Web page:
Drug rules should be based on effects not on bias towards certain products



To advocate for sensible drug laws is not to advocate for drug use. But we have to recognise how prevalent drug use is, in our society. Lots of people like to get a hit from drugs. Some of it’s normalised and socially sanctioned no matter what the costs – like alcohol; some if it’s increasingly stigmatised, like tobacco. But the debate over legal synthetic highs shows how hypocritical and unhelpful our current law is when it comes to cannabis.

Our national drug and alcohol policy is problematic – it fails to address either the causes of drug use, addiction and harm (social dislocation, human nature, boredom?), or the consequences (illness, domestic violence, imprisonment, death and other personal and societal costs). Our drug policy is inconsistent – we celebrate alcohol, saturate every social event with it, exalt its barons; and alcohol, among other highs will continue to be legal while others less harmful are banned. Current drug legislation alienates illicit drug users from society and the law, criminalises a prevalent past-time without either stopping its use or treating its health effects, costs the state huge amounts of money, and creates a public contradiction that’s hard to justify.

Health professionals and users both agree that synthetic highs are worse than cannabis in their effects – the hit is stronger and lasts longer, and has a nastier edge. Dependence and withdrawals are adverse effects. But they’ve been legal, so there hasn’t been the risk of criminal and social stigma, nor risk of gang association that comes with access to illegal pot. There’s no workplace testing for synthetic highs, so that has provided an added incentive for recreational drug users to buy a worse product than they otherwise might. As a result, legal high retailers do a roaring trade, and harm from use and withdrawals is being seen in family violence, anxiety, hospitalisation and dependency, even though many of those buying the hitherto legal highs, would prefer to smoke more natural, less harmful dope.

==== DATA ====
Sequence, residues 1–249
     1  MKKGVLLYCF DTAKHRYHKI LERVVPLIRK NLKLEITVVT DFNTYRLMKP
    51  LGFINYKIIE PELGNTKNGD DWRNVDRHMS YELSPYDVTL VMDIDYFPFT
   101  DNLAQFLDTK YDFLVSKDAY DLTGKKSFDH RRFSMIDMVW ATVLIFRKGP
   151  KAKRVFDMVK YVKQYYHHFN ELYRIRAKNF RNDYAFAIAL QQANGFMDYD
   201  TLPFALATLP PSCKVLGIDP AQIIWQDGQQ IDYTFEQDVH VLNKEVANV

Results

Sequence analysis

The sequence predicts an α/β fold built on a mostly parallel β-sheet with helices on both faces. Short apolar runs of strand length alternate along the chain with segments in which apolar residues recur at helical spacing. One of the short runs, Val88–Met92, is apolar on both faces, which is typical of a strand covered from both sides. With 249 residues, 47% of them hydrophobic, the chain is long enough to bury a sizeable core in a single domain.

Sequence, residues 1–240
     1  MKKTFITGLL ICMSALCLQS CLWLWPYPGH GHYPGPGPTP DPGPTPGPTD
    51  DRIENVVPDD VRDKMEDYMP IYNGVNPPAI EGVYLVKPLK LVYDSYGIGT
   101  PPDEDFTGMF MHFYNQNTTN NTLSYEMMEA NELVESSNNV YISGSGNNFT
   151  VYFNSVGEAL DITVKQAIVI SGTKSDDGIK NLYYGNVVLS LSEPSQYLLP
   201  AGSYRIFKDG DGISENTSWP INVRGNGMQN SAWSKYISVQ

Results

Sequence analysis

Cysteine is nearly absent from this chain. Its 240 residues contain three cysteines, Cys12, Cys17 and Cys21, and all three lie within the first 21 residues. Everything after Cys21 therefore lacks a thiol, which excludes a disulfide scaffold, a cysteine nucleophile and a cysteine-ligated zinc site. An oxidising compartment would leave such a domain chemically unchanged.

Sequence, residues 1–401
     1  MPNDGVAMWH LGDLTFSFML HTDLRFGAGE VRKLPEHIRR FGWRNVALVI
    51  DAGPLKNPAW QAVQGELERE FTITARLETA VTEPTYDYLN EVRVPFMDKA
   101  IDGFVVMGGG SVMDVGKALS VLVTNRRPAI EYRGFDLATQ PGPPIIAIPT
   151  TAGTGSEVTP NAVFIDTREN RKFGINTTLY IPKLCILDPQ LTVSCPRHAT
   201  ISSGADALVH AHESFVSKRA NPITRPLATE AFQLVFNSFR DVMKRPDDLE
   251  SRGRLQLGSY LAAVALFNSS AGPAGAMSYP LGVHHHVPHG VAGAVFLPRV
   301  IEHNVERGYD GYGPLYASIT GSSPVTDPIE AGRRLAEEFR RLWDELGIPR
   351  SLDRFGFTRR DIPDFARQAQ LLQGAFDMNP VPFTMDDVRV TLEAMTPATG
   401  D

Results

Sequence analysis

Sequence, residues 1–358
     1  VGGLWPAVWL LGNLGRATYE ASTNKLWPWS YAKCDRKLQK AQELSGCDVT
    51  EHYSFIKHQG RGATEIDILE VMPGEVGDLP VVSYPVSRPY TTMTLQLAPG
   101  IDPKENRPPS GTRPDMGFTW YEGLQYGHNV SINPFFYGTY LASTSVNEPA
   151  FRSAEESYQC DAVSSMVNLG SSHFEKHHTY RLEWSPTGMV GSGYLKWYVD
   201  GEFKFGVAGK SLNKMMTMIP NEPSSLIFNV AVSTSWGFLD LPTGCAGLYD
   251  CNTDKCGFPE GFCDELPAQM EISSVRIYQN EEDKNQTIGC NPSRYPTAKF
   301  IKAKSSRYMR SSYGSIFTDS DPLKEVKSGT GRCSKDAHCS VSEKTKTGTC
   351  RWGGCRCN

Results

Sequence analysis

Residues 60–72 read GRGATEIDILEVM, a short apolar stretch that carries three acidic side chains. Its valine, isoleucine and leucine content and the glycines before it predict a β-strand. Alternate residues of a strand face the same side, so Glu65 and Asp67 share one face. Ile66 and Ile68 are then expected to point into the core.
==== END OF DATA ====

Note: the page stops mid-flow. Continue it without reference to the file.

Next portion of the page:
Now that synthetic highs are to be banned, users will revert to procuring either stockpiled or imported black market synthetic highs, or cannabis, thereby shifting drug problems underground. Drug use seems to be part of the human condition, so we should treat problem drug use and addiction, with appropriate sensible judicial and medical treatment.

Unlike synthetic highs you don’t need to test marijuana on animals to prove anything about its safety or otherwise. Cannabis has had thousands of years of testing on willing subjects, and has directly killed none. But that’s not to encourage its use, especially at work, while driving, for young people, around children, in public or for those with mental illness or a fragile psyche. That applies to all other drug based stimulants as well. There should be a common standard of impairment and subsequent regulation of all drugs and alcohol based on effects, not arbitrarily, or based on bias towards certain products.


  1. Most people aren’t aware that around half of all prescription medicine passes through people’s systems and out into the water ways, producing high levels of toxic pollutants

  2. Well said.